Hala New Album, ‘Red Herring,’ Is A Genre-Hopping, Coming-of-Age Mixtape
By Matt Wallock
It took Ian Ruhala–the 22-year-old Detroit singer-songwriter behind Hala–roughly three years to bring his new record to life.
“It is crazy to think that with Spoonfed–my 2016 release–I had just turned 19,” Hala told American Songwriter in a recent email interview, featured below. “Now, Red Herring is coming out two days before my 23rd birthday. I find this record to be the closest thing I have to a picture book of those years in between. I like to think Red Herring is very much a coming-of-age record, as well as a body of work that fluctuates in the emotion it provokes. I relate it to the concept of the tragicomedy. It is a collection of sad and silly songs in a way.”
Red Herring may be “a collection of sad and silly songs,” but it’s also Hala’s most sophisticated and varied release yet. Hala–who’spreviously said “I just want to genre-hop as much as I can”–fully embraces this impulse on the record, drawing from multiple eras of rock, pop, jazz, R&B, country, and folk.
“I wanted the record to sonically feel [like] a mixtape, jumping from genre to genre when it felt most applicable,” Hala explains. “Songs like ‘Camera’ highlight my love for old country and the more avant-garde Kinks’ recordings, while ‘Why Do You Want Anything To Do With Me’ and ‘Making Me Nervous’ were my attempt at making polished pop music.”
Red Herring will arrive this Friday as a highly-anticipated studio debut from an artist who ground his teeth tracking his own tunes in bedrooms, attics, and basements before uploading them to bandcamp. He recorded Red Herring at Seattle’s Bear Creek Studios with producer Ryan Hadlock, who’s best known as the producer of the Lumineers’ 2012 self-titled debut.
“It was important to both of us that the record was a hodge-podge, in a way, of home and studio recordings,” says Hala of the production process. “So we combined many of the demo tracks I had worked on at home with the tracks done at Bear Creek.”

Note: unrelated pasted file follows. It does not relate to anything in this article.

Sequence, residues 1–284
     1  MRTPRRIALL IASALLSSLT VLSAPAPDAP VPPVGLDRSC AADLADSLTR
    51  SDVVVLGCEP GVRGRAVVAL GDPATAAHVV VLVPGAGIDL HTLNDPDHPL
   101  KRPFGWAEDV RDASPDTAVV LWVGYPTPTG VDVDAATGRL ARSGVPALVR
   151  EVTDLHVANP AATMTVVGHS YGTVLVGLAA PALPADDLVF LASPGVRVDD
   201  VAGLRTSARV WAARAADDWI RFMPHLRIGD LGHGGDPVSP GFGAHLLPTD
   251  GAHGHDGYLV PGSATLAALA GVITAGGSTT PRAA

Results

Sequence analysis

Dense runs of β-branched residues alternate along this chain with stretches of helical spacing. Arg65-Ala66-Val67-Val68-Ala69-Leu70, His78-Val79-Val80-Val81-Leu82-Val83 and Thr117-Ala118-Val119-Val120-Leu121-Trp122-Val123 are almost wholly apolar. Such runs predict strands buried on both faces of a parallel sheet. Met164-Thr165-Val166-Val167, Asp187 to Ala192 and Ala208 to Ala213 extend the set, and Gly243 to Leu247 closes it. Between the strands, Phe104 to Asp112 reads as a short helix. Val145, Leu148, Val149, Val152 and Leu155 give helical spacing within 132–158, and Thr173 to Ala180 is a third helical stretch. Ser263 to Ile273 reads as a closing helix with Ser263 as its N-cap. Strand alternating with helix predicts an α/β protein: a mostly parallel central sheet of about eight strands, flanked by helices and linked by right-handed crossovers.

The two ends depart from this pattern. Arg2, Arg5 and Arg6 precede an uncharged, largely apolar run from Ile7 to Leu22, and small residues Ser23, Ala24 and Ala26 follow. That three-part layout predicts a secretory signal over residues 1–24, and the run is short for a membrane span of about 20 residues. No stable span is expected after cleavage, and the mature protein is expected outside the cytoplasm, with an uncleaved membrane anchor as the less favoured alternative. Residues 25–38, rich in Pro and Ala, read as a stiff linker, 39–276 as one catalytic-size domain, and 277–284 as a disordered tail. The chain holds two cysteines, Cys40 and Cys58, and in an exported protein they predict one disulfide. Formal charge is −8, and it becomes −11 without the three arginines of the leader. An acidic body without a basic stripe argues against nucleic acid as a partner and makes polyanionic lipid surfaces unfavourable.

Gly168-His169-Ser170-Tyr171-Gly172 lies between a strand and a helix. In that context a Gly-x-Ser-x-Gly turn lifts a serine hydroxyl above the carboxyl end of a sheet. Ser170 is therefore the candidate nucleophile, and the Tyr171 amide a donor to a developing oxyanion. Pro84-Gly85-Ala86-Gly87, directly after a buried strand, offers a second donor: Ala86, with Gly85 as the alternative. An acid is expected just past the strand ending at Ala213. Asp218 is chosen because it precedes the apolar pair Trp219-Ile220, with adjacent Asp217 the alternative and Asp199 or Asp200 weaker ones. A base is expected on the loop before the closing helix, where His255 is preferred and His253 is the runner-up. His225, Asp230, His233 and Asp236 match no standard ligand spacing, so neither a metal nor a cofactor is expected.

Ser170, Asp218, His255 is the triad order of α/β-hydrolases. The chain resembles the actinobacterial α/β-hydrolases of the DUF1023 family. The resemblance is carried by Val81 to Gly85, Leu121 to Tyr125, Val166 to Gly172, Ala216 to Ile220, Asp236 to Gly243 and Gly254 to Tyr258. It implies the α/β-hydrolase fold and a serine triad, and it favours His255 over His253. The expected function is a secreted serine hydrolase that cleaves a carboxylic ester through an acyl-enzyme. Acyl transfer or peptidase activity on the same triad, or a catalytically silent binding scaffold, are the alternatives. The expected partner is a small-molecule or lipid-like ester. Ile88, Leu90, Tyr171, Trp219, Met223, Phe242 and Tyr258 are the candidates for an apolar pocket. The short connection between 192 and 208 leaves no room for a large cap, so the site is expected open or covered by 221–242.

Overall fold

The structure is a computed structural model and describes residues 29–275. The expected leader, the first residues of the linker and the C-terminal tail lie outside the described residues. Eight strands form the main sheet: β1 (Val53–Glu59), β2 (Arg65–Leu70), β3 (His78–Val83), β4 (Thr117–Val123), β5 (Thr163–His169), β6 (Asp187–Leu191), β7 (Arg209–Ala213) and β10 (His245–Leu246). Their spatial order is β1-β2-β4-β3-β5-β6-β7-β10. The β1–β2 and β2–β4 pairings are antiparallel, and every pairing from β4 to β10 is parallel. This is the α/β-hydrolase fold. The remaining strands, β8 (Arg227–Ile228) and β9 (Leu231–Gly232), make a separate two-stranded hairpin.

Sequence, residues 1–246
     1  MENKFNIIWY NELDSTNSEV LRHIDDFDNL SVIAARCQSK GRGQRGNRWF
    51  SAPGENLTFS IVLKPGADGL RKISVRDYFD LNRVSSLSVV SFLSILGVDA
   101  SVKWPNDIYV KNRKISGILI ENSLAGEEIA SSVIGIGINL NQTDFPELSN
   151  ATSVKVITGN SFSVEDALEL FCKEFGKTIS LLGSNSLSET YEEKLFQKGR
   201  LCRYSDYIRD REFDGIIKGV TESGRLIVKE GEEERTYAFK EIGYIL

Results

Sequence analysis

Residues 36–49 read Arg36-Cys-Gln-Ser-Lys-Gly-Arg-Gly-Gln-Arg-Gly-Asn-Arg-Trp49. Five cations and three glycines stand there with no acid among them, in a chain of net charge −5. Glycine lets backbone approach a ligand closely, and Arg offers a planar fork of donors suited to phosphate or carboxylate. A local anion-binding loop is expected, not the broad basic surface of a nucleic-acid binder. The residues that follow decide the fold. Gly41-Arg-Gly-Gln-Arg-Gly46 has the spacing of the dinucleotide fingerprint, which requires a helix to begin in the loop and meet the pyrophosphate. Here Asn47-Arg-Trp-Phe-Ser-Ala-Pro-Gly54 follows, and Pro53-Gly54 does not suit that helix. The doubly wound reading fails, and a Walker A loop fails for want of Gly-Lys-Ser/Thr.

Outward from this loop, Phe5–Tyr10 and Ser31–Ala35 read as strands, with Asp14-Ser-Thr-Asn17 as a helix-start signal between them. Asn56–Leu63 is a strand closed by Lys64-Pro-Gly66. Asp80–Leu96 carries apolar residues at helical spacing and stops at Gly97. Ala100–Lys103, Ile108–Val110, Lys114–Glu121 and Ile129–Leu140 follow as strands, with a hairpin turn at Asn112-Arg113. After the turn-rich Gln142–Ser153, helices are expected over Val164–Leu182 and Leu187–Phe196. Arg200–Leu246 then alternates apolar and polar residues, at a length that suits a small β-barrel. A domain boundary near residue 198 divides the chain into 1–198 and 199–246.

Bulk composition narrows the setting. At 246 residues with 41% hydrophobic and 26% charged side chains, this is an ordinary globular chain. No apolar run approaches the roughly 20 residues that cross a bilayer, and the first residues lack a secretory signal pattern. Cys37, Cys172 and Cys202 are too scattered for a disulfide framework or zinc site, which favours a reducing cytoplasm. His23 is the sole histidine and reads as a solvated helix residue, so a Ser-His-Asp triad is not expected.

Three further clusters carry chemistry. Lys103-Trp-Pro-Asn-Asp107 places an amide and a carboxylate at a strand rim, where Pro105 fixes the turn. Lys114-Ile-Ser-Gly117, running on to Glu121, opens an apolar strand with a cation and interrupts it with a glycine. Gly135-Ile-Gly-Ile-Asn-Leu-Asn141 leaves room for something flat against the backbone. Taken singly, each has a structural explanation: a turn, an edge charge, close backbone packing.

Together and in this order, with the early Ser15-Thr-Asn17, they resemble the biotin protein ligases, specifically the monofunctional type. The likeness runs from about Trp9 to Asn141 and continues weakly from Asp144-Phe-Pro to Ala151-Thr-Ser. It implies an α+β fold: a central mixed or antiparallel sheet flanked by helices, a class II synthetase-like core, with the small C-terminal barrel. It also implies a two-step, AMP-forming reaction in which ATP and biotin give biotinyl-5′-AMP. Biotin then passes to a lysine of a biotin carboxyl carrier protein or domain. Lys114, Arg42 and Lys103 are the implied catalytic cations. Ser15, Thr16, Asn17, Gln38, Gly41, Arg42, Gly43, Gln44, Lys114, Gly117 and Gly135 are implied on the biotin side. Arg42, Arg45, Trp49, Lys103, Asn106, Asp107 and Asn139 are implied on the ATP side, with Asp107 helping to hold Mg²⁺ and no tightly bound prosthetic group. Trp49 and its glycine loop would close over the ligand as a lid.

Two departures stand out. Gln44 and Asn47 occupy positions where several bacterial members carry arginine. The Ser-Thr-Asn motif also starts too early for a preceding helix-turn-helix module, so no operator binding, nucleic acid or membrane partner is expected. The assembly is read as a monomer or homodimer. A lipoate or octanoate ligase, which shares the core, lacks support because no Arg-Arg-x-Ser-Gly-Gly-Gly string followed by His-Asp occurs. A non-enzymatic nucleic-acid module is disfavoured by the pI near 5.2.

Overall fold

Hala spoke to American Songwriter about writing and recording Red Herring, the current state of lo-fi music, and some of his recent inspirations from The Byrds to BRONCHO. Check out the full interview below, and pre-order Red Herring here.
American Songwriter: When did you write and record the songs on Red Herring? What are some of the album’s throughlines?
Hala: I began writing the songs for this record shortly after my 2016 release, and I spent a few years demoing what would eventually become Red Herring. It took until the fall of 2019 for the whole project to be completed.
It is crazy to think that with Spoonfed–my 2016 release–I had just turned 19. Now, Red Herring is coming out two days before my 23rd birthday. I find this record to be the closest thing I have to a picture book of those years in between. I like to think Red Herring is very much a coming-of-age record, as well as a body of work that fluctuates in the emotion it provokes. I relate it to the concept of the tragicomedy. It is a collection of sad and silly songs in a way.
From a production perspective, how does this record compare to previous releases? I know you ditched your beloved bedroom / attic settings for the studio–why the shift? And what was it like to work with Ryan Hadlock?
Working with Ryan was great. For basically all of the sessions we did, it was just Ryan, his engineer Taylor Carroll, and myself, in the beautiful confines of what is Bear Creek. Some mornings I would wake up in the cabin on the property, and have to pinch myself to make sure I was actually present and there.
Ryan and I both had a hand in the production of this release. And, it was important to both of us that the record was a hodge-podge, in a way, of home and studio recordings. So we combined many of the demo tracks I had worked on at home with the tracks done at Bear Creek. I think the blend works nicely, and it makes the record more unique because it has two schools of thought being applied to the production process.